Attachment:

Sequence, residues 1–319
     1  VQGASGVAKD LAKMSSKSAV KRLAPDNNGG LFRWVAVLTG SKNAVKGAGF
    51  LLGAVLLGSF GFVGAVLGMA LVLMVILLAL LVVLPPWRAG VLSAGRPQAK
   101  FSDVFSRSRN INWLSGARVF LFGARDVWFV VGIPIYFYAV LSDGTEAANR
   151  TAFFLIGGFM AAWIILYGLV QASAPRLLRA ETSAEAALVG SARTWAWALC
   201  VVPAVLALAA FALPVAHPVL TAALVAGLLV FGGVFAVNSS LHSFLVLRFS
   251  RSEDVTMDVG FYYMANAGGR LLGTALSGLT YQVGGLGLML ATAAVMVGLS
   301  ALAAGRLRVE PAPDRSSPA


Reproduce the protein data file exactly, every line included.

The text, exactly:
Sequence, residues 1–319
     1  VQGASGVAKD LAKMSSKSAV KRLAPDNNGG LFRWVAVLTG SKNAVKGAGF
    51  LLGAVLLGSF GFVGAVLGMA LVLMVILLAL LVVLPPWRAG VLSAGRPQAK
   101  FSDVFSRSRN INWLSGARVF LFGARDVWFV VGIPIYFYAV LSDGTEAANR
   151  TAFFLIGGFM AAWIILYGLV QASAPRLLRA ETSAEAALVG SARTWAWALC
   201  VVPAVLALAA FALPVAHPVL TAALVAGLLV FGGVFAVNSS LHSFLVLRFS
   251  RSEDVTMDVG FYYMANAGGR LLGTALSGLT YQVGGLGLML ATAAVMVGLS
   301  ALAAGRLRVE PAPDRSSPA